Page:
A new e-mail worm may be on the loose, with a trigger set for this week, and promises of illicit images could make it a dangerous threat for some users. Meanwhile, a security research company has alleged that a Windows vulnerability may have been intentional.
A couple of very strange security items crossed my desk over the past week, and I think we can only wait for the next shoe to drop. However, I do think readers need to know about them.
First, a story on eWeek.com, which also popped up in a few other locations, warns about a major Windows security worm threat that has various names, including BlackWorm, Blackmal, Nyxem, and MyWife. Symantec has dubbed it Blackmal, and the latest iteration is Blackmal.e, discovered on January 17. News.com has labeled it the Kama Sutra worm, as it promises explicit images to users unsavvy enough to open the e-mail attachment.
Although Symantec and most other antivirus vendors have rated this a low-level threat, it is widespread and has potential. If a user triggers it on an unprotected system, it can delete user files as well as kill security tools by removing them from the Windows registry.
I just don't know how dangerous this new threat is. However, I suspect it won't amount to much because it's already in the virus signature databases of most antivirus programs.
Regardless, I suggest bookmarking the Symantec Removal Tool just in case, and make sure you've updated your antivirus signature file. Here's the view from the SecuriTeam Blog, which placed the number of infected systems at more than 700,000 almost a week ago.
In addition, you can check out the Web page the SANS Internet Storm Center has devoted to BlackWorm. This resource lists the file types the virus will overwrite with an error message ( 'DATA Error [47 0F 94 93 F4 K5]'), including .doc, .xls, .mde, .mdb, .ppt, .pdf, .zip, and more.
The trigger date for this worm is February 3. Since it spreads via an e-mail that offers explicit pictures, based on past experience, you can probably estimate based how many people on your network are desperately trying to download it to your system even as you read this warning.
The second really strange story to emerge in the past week was a claim by Gibson Research that someone may have deliberately planted a Microsoft Windows Metafile (rootkit) vulnerability, perhaps to help U.S. national security groups spy on the content of every Microsoft-based computer.
Steve Gibson's podcast, which features a transcript, is available on the company's Web site. It discusses what he says is a backdoor he discovered in recent Microsoft Windows operating systems, but it doesn't actually cast any detailed blame for the threat. Specifically, there's a hidden function call in Microsoft code, which could allow an attacker to run code on any system with this operating system installed.
As any developer knows, this sort of thing could simply be a bit of a leftover development code tool that accidentally made its way into the production version. However, it could also be something more sinister.
Asked in the podcast if this could be an error, Gibson replied, "I don't see how it could have been a mistake. Again, I'm going to continue to look at it. But from what I've seen now, this had to be deliberate."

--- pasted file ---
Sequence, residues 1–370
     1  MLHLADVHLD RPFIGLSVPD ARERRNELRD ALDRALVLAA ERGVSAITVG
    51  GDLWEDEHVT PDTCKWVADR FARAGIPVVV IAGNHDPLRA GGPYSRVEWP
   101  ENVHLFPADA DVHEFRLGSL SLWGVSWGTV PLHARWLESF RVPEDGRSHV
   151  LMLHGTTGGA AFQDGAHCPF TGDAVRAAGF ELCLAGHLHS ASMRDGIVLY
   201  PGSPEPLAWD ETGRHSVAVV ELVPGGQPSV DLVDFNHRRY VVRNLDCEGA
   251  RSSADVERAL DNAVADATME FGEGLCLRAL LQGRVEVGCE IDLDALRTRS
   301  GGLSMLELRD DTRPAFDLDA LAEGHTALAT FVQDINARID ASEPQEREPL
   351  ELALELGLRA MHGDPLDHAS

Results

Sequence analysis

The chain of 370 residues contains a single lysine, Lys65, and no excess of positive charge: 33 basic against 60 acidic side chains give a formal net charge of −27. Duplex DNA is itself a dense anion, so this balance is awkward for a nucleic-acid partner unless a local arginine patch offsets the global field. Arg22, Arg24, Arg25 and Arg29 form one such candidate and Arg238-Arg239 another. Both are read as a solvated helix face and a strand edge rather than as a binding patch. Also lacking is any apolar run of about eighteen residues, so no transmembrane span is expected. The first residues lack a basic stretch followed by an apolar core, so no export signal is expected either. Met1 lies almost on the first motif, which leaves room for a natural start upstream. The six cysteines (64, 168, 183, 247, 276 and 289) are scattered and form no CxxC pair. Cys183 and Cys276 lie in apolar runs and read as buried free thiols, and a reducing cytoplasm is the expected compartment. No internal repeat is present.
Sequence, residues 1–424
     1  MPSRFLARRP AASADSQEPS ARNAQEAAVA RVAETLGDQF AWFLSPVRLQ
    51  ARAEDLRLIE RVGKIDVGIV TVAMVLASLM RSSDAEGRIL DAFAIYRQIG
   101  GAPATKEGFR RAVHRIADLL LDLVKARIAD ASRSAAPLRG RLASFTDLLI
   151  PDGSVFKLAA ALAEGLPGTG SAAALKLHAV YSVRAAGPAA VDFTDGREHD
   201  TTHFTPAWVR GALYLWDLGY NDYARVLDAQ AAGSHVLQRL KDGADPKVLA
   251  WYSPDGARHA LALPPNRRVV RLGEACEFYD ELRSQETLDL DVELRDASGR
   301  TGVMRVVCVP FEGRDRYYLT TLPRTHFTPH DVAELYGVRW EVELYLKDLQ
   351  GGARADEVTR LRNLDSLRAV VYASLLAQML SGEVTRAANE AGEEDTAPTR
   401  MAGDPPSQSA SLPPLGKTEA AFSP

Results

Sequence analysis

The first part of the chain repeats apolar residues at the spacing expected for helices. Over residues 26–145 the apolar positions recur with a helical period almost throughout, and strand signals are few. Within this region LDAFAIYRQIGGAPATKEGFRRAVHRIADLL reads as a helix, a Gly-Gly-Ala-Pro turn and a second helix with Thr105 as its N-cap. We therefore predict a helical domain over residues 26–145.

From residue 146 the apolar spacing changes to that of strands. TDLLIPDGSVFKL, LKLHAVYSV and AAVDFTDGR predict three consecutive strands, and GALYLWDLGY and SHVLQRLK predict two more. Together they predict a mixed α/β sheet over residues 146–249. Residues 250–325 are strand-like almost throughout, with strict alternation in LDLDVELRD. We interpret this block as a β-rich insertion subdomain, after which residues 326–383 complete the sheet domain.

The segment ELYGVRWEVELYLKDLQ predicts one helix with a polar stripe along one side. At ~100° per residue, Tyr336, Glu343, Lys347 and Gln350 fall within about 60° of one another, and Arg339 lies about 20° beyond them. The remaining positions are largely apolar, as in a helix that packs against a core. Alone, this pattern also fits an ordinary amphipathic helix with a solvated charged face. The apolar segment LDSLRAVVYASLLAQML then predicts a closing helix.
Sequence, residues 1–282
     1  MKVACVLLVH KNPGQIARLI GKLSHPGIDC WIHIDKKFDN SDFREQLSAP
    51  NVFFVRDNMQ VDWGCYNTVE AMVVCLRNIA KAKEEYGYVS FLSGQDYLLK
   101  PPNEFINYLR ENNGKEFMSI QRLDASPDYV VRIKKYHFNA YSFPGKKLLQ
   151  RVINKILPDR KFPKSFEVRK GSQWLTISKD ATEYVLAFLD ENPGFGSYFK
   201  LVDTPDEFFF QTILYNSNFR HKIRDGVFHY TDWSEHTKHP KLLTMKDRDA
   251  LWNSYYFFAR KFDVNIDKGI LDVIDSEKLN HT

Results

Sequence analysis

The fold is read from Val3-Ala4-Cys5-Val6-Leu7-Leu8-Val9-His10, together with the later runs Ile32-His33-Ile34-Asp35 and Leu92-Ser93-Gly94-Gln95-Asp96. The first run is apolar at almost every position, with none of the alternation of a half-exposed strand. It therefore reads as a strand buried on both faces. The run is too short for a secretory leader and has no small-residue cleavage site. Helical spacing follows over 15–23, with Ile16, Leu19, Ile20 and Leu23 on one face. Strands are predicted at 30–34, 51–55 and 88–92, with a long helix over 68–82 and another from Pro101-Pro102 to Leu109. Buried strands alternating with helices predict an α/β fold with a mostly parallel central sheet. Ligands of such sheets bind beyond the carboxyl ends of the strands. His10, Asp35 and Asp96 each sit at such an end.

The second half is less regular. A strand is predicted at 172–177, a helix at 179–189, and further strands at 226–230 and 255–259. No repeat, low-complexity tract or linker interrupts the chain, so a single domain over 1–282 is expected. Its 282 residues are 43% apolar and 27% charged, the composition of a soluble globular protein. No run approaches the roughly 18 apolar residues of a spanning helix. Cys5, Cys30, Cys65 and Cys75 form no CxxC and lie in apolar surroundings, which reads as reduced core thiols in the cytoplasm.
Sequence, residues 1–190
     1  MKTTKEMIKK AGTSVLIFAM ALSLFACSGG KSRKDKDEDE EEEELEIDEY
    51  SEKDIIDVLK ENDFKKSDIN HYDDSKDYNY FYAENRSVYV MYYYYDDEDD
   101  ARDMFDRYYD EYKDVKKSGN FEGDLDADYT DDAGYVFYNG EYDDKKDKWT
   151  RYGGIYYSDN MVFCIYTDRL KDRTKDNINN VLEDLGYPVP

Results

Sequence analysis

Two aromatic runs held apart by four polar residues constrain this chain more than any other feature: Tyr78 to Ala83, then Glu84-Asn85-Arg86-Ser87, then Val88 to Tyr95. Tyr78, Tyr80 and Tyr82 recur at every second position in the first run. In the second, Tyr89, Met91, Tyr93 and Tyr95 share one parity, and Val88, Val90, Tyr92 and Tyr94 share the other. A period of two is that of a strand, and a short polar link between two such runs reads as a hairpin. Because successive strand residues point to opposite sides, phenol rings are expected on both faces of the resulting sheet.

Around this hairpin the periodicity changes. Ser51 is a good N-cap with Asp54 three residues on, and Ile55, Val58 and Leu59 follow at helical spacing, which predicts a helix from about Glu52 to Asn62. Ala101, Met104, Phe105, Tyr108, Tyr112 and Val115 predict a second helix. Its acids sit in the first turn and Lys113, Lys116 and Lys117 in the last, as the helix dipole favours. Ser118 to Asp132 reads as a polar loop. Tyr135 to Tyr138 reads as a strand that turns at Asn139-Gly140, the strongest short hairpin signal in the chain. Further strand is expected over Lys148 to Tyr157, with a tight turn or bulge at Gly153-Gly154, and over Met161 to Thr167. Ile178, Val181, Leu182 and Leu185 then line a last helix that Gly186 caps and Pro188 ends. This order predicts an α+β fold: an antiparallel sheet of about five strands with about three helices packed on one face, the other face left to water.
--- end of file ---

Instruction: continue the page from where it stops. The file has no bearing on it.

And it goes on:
Another resource, theunofficialmicrosoftweblog, has posted an entry on this latest conspiracy theory as well. At this point, your guess is as good as mine. Is this a bit of self-promoting sensationalism by Steve Gibson? Or, is it real and—even worse—intentional? I only bring it up here because, if it is real, then it's a really big deal.
Meanwhile, the BBC has reported that Microsoft is facing a 2 million euro per day fine for failing to disclose server code. And the latest accusations about an intentional backdoor will do nothing to reduce EU fervor to see just what Microsoft might be hiding.
As one would expect, Microsoft has appealed the ruling, and a hearing will take place in April. The Redmond software giant—as well as Microsoft users—has very legitimate reasons for not wanting to see Windows code spread around the world, which could happen if some official lets the code out either intentionally or by error.
Can you say "between a rock and a hard place"? Fortunately for Bill Gates, even more than $2 million per day isn't going to put the company out of business—or even eat seriously into investment income from the tens of billions of dollars in Microsoft coffers.
As February approaches once again, the term deja vu takes on a whole new meaning for this intrepid reporter. You see, I will actually be making the usually cold and dreary trek to Gobbler's Knob this week. Yep, you got it: I live near Punxsutawney, PA—the home of Groundhog Day! Fortunately, probably thanks to global warming, this year it shouldn't be during the usual blizzard.
In fact, I know Punxsutawney Phil personally—he lives by the children's section of the public library—as well as several local dignitaries, including "Snake" (the mayor who also happens to deliver feed grain to my fine herd of donkeys.) If you're interested in this incredible piece of Americana, check out the my Groundhog Day Web site to learn the legend and lore behind this momentous day. So, with a nod to Bill Murray, I've been pretty sloppy this week since I can always do it over!
Also watch for…
- Cambridge University and MIT have issued warnings that VoIP is becoming a hot target for hackers, particularly Skype and particularly DoS attacks.
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John McCormick is a security consultant and well-known author in the field of IT, with more than 17,000 published articles. He has written the IT Locksmith column for TechRepublic for more than four years.